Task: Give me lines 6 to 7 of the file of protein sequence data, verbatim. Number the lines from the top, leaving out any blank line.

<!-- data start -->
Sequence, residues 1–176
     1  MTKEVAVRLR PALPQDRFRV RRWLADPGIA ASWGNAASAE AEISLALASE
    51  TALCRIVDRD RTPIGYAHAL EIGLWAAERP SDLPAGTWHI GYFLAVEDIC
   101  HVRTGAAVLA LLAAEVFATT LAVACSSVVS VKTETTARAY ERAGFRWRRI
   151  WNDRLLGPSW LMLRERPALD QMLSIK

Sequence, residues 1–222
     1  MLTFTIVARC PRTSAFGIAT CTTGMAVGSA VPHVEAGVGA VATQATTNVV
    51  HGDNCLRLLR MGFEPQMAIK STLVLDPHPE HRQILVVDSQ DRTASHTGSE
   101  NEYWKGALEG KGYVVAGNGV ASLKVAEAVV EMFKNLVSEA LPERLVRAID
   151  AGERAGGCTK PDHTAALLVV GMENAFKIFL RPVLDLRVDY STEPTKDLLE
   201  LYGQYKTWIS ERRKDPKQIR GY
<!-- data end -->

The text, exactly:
Sequence, residues 1–222
     1  MLTFTIVARC PRTSAFGIAT CTTGMAVGSA VPHVEAGVGA VATQATTNVV